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Old 11-27-2019, 01:55 PM
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Parents of adult children: Do you have a kid you don't like?


I have a friend whose daughter is going through the terrible late-20s. She's been unemployed for a while and is in a turbulent on-again, off-again relationship with a guy she lives with. And she's an alcoholic. She just spent the last couple of months in and out of detox and rehab facilities. Because of her unemployment, she has been thievin' off of my friend's credit card.

To my eye, her mother (my friend) has done everything right by this girl (except for not canceling that credit card). Of course, I say this without knowing anything for sure. But there don't seem to be any major parenting failures that could explain what's going on. At least from the outside, my friend and her husband raised their daughter in a typical upper-middle class home, with all the privileges and advantages that usually go along with that. And the two parents seem to be adequately loving and attentive.

I was talking to my friend the other day, and she told me that she came across a letter her daughter had addressed to her future self back when she was a senior in high school. Apparently the school makes all the seniors write a letter detailing their hopes and dreams and then mails it back to them ten years after they graduate. My friend received her daughter's letter in the mail and read it. She told me she broke down in tears after the first read.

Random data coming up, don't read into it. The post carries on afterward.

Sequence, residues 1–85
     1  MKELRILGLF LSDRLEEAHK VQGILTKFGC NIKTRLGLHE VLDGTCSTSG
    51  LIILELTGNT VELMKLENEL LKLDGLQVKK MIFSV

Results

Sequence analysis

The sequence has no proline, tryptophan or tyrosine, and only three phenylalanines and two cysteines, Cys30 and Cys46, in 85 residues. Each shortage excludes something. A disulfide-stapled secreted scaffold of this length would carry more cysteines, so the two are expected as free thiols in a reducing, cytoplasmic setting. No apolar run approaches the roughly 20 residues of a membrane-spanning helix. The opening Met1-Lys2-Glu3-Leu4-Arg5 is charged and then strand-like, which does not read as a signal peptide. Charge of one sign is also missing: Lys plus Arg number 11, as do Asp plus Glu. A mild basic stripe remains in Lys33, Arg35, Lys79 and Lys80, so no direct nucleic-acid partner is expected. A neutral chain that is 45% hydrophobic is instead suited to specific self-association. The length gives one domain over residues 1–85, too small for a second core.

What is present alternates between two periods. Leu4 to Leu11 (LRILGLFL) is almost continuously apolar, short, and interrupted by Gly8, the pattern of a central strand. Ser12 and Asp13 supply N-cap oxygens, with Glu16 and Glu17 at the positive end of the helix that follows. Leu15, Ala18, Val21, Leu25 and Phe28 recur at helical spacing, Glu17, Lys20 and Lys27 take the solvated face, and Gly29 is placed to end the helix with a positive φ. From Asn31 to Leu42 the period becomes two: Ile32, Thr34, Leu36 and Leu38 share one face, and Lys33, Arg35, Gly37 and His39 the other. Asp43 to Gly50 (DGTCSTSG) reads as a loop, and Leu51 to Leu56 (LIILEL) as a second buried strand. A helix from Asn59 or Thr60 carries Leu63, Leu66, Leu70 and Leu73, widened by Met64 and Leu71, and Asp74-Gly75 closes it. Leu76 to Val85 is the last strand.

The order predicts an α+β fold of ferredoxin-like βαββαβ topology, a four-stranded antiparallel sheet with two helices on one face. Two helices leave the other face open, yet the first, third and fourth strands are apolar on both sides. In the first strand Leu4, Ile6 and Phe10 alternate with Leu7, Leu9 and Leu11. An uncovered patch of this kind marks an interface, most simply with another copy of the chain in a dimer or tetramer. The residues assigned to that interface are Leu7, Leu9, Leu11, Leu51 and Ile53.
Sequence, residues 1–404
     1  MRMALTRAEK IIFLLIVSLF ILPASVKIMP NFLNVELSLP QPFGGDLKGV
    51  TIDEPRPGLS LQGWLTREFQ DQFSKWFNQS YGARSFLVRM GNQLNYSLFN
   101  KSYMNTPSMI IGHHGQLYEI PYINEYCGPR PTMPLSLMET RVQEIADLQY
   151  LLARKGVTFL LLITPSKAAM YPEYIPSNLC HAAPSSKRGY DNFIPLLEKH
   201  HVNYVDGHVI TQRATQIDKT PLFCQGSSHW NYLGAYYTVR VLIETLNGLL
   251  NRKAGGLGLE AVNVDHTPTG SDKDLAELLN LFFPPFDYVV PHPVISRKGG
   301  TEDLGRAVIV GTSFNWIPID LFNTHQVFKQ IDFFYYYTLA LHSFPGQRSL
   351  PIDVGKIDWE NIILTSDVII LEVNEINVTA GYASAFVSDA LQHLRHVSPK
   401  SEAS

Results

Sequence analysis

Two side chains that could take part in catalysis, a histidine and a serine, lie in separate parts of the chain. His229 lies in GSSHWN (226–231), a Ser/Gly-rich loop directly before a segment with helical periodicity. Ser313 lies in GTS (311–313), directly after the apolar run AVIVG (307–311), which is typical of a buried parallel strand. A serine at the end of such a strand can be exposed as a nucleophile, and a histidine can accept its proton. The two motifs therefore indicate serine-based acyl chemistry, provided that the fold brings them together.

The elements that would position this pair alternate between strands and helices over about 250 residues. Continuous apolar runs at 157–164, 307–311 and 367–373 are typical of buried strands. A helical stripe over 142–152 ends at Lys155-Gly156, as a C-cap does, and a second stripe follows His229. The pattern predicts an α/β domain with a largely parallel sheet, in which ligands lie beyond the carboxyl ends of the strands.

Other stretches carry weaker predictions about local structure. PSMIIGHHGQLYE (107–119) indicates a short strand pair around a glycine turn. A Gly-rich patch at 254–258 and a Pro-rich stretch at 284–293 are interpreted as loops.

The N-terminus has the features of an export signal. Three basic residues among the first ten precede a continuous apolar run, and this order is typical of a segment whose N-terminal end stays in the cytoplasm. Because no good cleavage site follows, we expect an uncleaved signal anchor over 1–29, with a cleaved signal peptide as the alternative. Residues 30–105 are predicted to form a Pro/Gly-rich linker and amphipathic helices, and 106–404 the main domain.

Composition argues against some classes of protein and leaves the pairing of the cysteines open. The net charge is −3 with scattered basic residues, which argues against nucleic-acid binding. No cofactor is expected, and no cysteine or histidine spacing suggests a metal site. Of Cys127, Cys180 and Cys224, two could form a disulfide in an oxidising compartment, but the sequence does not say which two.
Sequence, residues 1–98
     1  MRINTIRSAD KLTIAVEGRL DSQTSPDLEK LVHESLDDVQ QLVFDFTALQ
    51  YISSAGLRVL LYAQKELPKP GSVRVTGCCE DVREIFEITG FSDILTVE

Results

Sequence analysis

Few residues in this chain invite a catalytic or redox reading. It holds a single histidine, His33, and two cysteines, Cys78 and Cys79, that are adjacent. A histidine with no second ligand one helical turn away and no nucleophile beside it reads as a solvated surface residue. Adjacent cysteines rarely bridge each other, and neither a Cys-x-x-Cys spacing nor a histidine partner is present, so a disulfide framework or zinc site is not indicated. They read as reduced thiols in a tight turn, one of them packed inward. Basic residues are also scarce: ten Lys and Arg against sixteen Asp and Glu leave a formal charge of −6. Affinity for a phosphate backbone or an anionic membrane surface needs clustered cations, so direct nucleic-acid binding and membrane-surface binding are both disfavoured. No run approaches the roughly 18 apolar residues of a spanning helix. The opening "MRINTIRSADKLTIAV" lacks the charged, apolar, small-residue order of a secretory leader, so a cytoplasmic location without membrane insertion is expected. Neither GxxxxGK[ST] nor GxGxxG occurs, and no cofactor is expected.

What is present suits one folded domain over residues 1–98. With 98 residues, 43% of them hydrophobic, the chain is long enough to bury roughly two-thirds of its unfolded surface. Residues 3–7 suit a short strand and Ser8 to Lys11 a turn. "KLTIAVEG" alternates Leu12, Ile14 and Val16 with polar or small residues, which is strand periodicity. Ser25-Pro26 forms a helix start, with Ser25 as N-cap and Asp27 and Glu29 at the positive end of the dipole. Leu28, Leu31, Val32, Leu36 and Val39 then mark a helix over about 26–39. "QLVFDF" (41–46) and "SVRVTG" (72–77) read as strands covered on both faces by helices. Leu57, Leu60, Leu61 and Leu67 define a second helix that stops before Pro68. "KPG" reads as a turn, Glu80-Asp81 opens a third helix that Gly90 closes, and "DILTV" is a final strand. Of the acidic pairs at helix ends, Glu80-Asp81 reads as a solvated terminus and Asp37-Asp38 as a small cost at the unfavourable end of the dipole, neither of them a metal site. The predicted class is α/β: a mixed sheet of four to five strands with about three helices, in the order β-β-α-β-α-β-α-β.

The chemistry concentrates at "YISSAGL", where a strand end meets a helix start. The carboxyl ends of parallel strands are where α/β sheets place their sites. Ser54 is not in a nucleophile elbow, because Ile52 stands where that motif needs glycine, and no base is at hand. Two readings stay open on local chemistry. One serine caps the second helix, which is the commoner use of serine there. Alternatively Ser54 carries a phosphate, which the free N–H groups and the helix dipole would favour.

At first I thought they were just understandable tears of sadness. I was thinking how her daughter must have had lofty dreams back then, but they seemed attainable given how high achieving she was. And now those dreams don't seem so realistic anymore. So I thought she was grieving over all the unfulfilled promise and wasted potential, just like most disappointed parents would.

But she told me she was more angry than anything else. She explained that the girl who had written the letter was vapid and self-absorbed, based on the all vapid and self-absorbed life goals she came up with. One such goal was that she would always be skinny and pretty.

I was quick to remind her that most 18-year-olds are vapid and self-absorbed. Hell, I'd hate to see the lists of life goals I would have come up with at that age. Weren't we all cringy at 18?

"But that's the thing!" my friend explained. "After ten years, she is the exact same person. She hasn't changed a bit. She is still the same two-dimensional person she was as a teenager!"

It occurred to me that my friend does not really like her daughter. She loves her very much, but she doesn't like the person she is. And I can tell this is really killing her inside.

I'm curious if having a kid you don't really like is a normal thing. And is it a permanent thing? It sounds like my friend has always had a close relationship with her daughter in that they talk to each other often--multiple times a week. But my friend still doesn't really connect emotionally with her (outside of anxiety) because of the mismatch in their personalities. I wonder if my friend blames herself for her daughter's shortcomings. And to be honest, I'm curious if parents do bear some responsibility with how "vapid" and "self-absorbed" their kids turn out. I can't imagine that they would bear a whole lot of responsibility, but I do wonder if there are things my friend could have done differently.